August 24, 2006 12:12 AM by Joe Blackmon
CBS tried bringing back old cast members. CBS tried slipping in a celebrity by casting a former NFL quarterback. CBS tried dividing castaways by sex and age. None of which generated sufficient buzz to turn around ratings on their still solid but also steadily declining reality TV franchise Survivor. Now, in its thirteenth season, CBS has finally played the race card.
For Survivor Cook Islands, the castaways will initially be divided into four tribes along ethnic lines (African-American, Asian-American, Hispanic and White). This bold move by CBS is both groundbreaking and controversial. It’s groundbreaking because standard practice for most major network reality shows in the past has been to have no more than one or two minorities in a cast. Survivor could well be the first major network reality series where the majority of the contestants are minorities. It’s controversial for obvious reasons.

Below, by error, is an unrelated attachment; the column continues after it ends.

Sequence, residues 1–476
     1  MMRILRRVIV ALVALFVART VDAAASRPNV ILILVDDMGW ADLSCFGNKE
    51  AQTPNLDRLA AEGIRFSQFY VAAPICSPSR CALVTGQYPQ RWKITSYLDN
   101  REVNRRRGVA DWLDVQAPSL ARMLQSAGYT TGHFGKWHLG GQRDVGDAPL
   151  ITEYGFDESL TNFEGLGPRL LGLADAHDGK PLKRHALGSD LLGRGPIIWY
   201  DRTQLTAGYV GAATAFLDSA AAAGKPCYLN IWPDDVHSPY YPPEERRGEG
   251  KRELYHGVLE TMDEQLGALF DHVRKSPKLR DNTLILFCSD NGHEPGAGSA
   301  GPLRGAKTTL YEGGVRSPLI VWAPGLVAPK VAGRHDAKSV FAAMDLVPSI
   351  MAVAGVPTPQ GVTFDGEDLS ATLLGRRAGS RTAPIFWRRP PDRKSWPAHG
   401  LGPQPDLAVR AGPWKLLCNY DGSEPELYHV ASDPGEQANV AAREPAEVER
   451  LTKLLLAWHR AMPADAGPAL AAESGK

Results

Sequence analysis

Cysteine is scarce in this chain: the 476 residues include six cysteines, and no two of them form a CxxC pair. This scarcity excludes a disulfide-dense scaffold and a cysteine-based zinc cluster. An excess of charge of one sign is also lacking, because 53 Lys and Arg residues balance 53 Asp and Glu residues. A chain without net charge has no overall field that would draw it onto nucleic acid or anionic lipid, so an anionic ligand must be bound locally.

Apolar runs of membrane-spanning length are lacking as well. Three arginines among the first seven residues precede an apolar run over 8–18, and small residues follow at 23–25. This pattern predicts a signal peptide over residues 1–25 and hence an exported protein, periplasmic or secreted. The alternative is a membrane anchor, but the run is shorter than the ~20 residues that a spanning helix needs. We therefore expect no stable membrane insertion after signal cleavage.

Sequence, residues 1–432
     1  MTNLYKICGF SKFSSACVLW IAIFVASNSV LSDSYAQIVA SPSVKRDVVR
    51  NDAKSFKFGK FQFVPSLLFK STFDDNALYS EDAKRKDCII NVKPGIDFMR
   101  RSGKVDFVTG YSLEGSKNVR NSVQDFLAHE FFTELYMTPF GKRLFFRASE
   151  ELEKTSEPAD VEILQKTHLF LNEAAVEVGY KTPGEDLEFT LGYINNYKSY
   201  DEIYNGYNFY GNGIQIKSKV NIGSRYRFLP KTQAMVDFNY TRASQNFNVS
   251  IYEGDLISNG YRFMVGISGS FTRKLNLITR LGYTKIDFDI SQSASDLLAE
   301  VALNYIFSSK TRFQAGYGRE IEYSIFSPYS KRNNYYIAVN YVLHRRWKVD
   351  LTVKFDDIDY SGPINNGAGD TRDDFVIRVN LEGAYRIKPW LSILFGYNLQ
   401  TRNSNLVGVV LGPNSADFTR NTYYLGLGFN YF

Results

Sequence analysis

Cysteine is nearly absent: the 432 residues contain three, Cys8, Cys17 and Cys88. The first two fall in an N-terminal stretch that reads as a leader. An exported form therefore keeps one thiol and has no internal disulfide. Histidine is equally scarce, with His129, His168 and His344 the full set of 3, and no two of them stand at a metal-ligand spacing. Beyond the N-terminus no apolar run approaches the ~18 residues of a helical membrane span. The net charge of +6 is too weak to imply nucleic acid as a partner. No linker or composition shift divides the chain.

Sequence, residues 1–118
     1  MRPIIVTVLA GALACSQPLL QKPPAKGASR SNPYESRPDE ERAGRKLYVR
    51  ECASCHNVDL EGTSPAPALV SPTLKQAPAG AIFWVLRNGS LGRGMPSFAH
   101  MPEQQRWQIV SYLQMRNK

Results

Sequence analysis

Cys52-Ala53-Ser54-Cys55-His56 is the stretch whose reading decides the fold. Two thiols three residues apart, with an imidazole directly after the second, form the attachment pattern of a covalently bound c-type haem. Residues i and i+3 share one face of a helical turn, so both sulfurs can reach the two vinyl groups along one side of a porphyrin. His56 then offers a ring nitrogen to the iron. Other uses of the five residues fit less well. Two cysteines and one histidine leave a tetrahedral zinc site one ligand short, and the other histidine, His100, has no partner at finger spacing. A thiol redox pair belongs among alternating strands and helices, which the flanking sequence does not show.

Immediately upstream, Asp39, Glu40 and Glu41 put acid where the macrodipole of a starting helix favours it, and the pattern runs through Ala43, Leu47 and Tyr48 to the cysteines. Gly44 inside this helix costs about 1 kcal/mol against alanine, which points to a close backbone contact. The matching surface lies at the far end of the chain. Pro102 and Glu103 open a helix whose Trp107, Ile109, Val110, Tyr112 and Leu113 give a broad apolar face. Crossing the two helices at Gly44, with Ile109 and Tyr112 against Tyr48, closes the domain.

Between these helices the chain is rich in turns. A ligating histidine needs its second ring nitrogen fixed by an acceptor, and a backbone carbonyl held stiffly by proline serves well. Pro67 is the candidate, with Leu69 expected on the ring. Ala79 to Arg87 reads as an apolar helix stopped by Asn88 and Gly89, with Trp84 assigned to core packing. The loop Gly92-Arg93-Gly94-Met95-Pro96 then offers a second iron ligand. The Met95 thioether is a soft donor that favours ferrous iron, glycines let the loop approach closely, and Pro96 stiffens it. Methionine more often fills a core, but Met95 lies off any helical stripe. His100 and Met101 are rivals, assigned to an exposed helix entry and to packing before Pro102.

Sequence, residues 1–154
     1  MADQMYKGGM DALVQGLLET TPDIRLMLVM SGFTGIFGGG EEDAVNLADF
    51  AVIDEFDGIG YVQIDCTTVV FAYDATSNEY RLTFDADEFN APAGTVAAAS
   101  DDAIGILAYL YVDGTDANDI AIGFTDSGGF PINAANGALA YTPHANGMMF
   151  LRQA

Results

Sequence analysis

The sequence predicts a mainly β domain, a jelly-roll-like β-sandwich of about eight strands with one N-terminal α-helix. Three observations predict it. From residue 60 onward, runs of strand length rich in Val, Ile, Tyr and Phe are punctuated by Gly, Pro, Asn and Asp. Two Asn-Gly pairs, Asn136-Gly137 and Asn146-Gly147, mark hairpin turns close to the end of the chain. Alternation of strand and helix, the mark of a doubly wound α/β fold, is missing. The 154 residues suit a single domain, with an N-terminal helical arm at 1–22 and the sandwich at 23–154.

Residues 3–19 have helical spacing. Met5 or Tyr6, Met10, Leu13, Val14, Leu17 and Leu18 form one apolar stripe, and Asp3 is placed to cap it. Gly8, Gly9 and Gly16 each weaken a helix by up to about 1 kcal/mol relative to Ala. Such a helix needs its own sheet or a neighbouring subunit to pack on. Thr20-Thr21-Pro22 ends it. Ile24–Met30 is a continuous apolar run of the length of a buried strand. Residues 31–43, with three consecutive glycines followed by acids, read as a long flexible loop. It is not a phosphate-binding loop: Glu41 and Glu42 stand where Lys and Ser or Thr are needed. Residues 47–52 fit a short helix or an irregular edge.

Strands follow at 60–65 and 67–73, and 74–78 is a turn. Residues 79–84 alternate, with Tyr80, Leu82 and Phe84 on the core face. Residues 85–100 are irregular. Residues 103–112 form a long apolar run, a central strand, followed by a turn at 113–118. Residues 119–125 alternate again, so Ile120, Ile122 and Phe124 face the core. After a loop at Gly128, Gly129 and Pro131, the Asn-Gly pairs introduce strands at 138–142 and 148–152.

The controversial aspects of this move appear to already be paying dividends for CBS. Unlike recent editions of Survivor that received little press coverage, the news about the racial divide on Survivor Cook Islands is the talk of both mainstream media and blogs. Everyone wants to provide their point of view on whether this is a fascinating social experiment or just a really bad idea.
If this new concept for dividing tribes does result in higher ratings for Survivor, then it begs the question of “What’s next?” Will there be tribes divided based on religious beliefs, sexual orientation, etc? Based on the number of actors and models that keep getting cast on Survivor, what about a tribe consisting of actors/models and a tribe consisting or normal everyday people?